Design-Build at the World’s Busiest Airport

Design-Build at the World’s Busiest Airport

JULY 27, 2017

Being recognized for our project teams’ efforts is always noteworthy to us—the acknowledgement for a job well done is a great reminder of how our work benefits our clients and communities. It was particularly exciting to have received an ACEC Georgia Engineering Excellence Award in the Water/Wastewater category for our work on Delta Air Lines’ Wastewater Treatment Plant Upgrade Project at the Hartsfield-Jackson Airport in Atlanta.

While wastewater plant renovations projects always come with their share of challenges, on this project our team faced a significant added level of complexity: working on a project site behind security in the world’s busiest airport.

The Hartsfield-Jackson Airport has been known as the world’s busiest airport for nearly two decades, with the highest amount of passenger traffic and aircraft operations recorded yearly. Delta Air Lines is headquartered in Atlanta, and its main maintenance hub, the Technical Operations Center (TOC), is located there, consisting of aircraft maintenance; repair hangars; and engine repair, engine test cell, plating, aircraft painting, and carpentry shops. This project took place at one of the four Industrial Wastewater Pretreatment Facilities there that Delta uses to pretreat wastewater generated from aircraft maintenance activities for discharge to the City of Atlanta sewer collection system—the Oily Water Treatment Plant (OWTP).

Plant renovations for increased redundancy

The OWTP treats 300,000 gallons per day of wastewater originating in various maintenance areas and shops. For the past 17 years, Woodard & Curran has partnered with Delta to perform all operations and management at this facility, performing several improvements throughout the years. Prior to this project, wastewater at the OWTP was treated using screening, grit removal, primary clarification, biological treatment in a mechanically aerated oxidation ditch, and secondary clarification before being discharged. Much of the equipment and unit processes involved, though, hadn’t been upgraded since the plant’s original construction in the 1970s. During a regular assessment in 2011, we identified a lack of redundancy in both the biological treatment and secondary clarification operations; if either one failed, Delta would have to transport wastewater off-site for treatment.

The project involved repurposing one of three equalization tanks to an aeration tank employing diffused aeration. This provides redundancy for biological treatment as well as a more efficient and maintainable biological process than the former oxidation ditch, as the new aeration blowers provide oxygen more energy-efficiently and are equipped with automated speed control from dissolved oxygen instruments in the tank. A new secondary clarifier was also built above grade on top of an out of service in-ground oxidation ditch as part of this project. Its design makes the new clarifier easier to operate and maintain, and the cost to build the tank above ground was less than an in-ground construction due to unfavorable subsurface conditions. In fact, once the old ditch had been removed, the area had to be preloaded to pre-settle the unfavorable subsurface soil before the new clarifier could be built.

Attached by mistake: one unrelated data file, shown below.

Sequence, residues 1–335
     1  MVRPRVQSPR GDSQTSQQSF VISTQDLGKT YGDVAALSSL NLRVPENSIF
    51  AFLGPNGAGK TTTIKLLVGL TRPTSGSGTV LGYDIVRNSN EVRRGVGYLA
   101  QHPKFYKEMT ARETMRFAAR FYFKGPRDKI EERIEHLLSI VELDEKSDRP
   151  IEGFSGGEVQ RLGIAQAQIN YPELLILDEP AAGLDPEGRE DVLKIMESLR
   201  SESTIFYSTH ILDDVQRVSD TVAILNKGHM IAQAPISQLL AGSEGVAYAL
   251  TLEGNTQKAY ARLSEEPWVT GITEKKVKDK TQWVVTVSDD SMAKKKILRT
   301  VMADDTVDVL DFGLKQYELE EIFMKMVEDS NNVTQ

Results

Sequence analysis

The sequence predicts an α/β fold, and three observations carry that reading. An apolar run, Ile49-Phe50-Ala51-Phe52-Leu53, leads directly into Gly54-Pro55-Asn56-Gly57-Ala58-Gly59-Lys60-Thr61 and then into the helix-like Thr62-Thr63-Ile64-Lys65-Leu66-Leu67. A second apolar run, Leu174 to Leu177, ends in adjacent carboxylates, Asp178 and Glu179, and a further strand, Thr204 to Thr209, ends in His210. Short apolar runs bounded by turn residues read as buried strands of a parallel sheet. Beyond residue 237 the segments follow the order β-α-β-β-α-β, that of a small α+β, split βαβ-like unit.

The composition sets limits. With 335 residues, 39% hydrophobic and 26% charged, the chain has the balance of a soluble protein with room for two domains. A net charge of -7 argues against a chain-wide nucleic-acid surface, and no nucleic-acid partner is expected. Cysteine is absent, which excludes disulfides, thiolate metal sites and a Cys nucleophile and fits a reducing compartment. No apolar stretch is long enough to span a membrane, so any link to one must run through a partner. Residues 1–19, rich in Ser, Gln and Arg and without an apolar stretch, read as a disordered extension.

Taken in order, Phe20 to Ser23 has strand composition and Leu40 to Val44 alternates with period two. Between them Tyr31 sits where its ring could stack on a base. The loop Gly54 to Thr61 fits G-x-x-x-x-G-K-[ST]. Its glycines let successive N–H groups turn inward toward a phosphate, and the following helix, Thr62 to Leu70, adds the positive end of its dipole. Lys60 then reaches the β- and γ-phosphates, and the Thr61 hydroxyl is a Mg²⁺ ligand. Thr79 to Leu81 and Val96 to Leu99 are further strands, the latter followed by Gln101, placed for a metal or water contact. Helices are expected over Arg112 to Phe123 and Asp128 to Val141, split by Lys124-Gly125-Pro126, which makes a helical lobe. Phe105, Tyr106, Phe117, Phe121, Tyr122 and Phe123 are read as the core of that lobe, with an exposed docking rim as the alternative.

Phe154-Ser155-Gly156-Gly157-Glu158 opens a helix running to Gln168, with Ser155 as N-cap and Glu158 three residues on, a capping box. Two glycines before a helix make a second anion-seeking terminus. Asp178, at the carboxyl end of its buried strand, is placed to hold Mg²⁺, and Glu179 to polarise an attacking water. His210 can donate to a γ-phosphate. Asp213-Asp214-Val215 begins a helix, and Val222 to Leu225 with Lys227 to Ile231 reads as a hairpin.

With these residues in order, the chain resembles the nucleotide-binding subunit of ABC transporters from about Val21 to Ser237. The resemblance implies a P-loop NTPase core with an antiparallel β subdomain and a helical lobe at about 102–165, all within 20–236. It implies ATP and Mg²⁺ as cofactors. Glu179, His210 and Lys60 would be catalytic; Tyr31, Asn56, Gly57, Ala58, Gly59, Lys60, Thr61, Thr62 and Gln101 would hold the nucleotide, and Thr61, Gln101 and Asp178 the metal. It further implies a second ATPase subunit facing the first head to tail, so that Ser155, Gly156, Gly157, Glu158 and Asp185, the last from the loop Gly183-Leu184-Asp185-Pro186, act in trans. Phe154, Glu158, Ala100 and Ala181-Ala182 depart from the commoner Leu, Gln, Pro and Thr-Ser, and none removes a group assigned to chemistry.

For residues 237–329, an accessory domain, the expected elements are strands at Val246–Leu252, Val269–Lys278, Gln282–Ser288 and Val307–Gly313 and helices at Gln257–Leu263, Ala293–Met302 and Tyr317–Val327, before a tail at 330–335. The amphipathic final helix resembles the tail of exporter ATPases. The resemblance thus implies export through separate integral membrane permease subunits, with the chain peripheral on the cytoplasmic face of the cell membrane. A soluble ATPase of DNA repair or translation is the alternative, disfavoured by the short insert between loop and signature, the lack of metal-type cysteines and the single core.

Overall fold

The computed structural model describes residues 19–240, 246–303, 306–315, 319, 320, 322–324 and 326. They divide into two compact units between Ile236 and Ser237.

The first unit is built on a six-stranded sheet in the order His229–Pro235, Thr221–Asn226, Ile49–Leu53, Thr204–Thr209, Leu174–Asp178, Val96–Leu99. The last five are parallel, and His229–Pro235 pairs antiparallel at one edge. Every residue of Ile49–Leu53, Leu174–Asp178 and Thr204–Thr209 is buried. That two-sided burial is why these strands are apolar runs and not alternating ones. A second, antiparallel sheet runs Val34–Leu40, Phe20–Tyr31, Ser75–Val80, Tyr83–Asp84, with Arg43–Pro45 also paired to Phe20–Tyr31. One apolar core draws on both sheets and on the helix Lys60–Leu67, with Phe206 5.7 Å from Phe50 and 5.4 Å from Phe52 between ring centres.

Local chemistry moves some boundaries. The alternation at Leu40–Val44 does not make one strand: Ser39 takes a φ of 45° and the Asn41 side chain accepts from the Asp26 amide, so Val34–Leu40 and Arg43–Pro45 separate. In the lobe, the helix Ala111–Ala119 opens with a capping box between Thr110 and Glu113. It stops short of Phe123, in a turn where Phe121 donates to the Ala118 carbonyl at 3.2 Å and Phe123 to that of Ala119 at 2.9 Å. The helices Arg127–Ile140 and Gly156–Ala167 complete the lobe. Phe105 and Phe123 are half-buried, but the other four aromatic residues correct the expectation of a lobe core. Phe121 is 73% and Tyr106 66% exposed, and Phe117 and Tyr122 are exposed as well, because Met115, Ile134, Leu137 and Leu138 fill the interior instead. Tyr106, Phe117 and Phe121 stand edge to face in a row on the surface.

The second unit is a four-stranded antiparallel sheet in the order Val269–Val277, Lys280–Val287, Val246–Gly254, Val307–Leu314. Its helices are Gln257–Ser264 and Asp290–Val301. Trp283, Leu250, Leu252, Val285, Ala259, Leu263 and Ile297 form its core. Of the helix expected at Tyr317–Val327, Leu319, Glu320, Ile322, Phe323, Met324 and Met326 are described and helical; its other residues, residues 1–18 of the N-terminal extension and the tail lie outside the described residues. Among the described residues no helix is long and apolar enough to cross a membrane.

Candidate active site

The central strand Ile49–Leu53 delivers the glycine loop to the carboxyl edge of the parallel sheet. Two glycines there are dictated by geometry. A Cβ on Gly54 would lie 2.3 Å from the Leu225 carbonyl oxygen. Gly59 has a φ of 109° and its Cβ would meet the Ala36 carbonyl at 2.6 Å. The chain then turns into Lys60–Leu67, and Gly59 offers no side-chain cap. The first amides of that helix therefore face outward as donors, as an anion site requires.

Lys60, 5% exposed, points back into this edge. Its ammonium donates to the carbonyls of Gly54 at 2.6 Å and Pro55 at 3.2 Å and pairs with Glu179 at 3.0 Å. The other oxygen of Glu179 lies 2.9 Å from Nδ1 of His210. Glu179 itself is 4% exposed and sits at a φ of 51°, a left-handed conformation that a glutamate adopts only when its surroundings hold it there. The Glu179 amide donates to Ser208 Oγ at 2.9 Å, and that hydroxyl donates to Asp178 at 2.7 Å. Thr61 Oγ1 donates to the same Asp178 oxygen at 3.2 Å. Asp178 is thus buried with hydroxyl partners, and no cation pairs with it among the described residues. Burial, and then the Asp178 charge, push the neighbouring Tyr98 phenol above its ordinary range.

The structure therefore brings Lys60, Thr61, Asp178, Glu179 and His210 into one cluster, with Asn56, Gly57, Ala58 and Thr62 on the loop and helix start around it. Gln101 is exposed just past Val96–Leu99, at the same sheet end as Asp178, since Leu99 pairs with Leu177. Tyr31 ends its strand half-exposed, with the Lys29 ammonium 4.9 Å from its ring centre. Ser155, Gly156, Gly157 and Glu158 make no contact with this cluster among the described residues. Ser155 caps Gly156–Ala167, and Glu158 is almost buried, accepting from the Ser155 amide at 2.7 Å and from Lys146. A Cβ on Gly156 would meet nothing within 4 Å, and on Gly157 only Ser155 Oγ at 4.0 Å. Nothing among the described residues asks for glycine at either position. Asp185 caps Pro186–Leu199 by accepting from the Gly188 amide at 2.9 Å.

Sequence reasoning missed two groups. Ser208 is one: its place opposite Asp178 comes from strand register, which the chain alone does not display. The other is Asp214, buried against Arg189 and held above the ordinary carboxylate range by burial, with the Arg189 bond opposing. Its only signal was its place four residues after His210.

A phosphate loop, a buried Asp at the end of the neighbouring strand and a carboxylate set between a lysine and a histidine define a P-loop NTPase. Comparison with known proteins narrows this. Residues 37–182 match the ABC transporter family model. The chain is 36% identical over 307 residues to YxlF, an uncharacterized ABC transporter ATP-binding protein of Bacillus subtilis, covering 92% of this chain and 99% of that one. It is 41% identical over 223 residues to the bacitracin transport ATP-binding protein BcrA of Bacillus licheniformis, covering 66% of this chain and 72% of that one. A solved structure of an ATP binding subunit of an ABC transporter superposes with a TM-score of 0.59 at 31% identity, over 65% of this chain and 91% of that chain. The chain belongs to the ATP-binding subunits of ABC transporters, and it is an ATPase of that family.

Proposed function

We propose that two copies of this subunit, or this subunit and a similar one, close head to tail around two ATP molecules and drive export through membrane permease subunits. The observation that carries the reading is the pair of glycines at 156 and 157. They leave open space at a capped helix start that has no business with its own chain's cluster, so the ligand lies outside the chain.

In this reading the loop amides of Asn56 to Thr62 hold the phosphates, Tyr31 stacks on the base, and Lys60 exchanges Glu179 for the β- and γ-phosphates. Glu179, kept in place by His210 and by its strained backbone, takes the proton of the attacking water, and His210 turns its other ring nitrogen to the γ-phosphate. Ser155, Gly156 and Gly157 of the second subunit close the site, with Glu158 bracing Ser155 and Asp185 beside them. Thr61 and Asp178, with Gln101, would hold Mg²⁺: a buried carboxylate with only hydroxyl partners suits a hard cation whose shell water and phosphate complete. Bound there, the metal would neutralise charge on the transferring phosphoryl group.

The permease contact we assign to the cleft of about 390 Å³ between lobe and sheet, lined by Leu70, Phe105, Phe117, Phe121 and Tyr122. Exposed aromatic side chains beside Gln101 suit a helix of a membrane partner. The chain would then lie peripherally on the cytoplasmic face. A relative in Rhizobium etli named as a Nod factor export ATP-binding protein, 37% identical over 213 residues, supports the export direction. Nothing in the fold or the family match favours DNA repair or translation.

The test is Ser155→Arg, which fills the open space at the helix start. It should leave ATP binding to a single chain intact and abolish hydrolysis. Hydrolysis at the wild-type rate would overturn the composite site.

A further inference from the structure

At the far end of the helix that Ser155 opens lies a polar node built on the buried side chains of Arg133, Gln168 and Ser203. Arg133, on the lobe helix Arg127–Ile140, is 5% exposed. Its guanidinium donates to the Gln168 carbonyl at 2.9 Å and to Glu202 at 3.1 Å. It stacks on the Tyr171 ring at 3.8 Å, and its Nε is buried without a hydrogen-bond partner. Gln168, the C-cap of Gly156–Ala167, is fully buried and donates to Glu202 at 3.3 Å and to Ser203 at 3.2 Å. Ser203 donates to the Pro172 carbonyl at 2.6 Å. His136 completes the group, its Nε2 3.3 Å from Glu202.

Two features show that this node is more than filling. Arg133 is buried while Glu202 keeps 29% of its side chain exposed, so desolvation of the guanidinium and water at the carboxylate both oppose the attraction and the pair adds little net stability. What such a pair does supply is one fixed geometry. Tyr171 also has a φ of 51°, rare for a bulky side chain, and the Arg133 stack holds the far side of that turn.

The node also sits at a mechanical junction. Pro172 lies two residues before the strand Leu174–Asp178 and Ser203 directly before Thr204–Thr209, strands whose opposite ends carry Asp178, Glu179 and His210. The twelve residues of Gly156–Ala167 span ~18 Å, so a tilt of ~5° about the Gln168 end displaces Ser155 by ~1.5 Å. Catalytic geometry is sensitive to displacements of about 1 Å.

Achieving success in a secure area

The TOC, where the OWTP is located, is in a secure environment at the airport that involves a three-tiered badging system for permitted access, from the highest level—a SIDA badge, issued by the TSA—to the lowest level—a visitor’s pass, which requires its users to be in the line of sight of higher badged personnel. While this system makes good sense from a security perspective, the nature of the work and the project’s multiple components made this a real logistical challenge, requiring a great deal of back and forth from the job site to security checkpoints to escort workers with visitor badges and training new employees from subcontractors once their visitor badges expired after three days.

Another challenge at the project site was conducting work so close to the runway. Preloading the site of the out-of-use oxidation ditch required hauling debris out and preload soil in and out around operating aircrafts, making foreign object debris (FOD) a major concern—very small objects can cause significant aircraft engine damage. To work around this, we avoided conducting major hauling operations during the day shift, opting for night shifts when there was less traffic within the TOC. Night operations require redoubled safety and security diligence, as well as another set of logistical challenges. For instance, though lights were necessary to conduct the work at the site safely and effectively, no lights could shine toward the air traffic control tower or planes.

This project is a great example of the ways in which a design-build approach can help a project succeed. “Not only were Woodard & Curran and their team of subcontractors and vendors up to the task of managing the complex airport safety and security challenges placed on them, but they completed the project on budget and ahead of schedule, all while keeping the existing oily waste treatment plant in compliance,” noted our primary partner at Delta, Joshua Smith, Manager of Environmental Health and Industrial, Global Environmental, Compliance and Sustainability. This was due at least in part to our design-build approach, combined with the highest level of teamwork, flexibility, and smart design choices. Delta anticipates this project will position the OWTP well to incorporate further improved technologies for innovative and environmentally sustainable wastewater management strategies in the future.


Group Leader
Technical Delivery Group

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